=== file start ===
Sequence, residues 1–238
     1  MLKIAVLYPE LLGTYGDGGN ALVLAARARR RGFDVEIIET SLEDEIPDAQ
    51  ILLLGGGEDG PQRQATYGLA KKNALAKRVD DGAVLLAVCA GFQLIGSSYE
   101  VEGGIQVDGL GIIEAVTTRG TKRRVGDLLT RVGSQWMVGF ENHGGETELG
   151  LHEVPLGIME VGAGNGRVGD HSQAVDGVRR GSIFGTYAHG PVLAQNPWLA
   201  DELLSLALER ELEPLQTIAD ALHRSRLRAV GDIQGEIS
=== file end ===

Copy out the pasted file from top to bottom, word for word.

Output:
Sequence, residues 1–238
     1  MLKIAVLYPE LLGTYGDGGN ALVLAARARR RGFDVEIIET SLEDEIPDAQ
    51  ILLLGGGEDG PQRQATYGLA KKNALAKRVD DGAVLLAVCA GFQLIGSSYE
   101  VEGGIQVDGL GIIEAVTTRG TKRRVGDLLT RVGSQWMVGF ENHGGETELG
   151  LHEVPLGIME VGAGNGRVGD HSQAVDGVRR GSIFGTYAHG PVLAQNPWLA
   201  DELLSLALER ELEPLQTIAD ALHRSRLRAV GDIQGEIS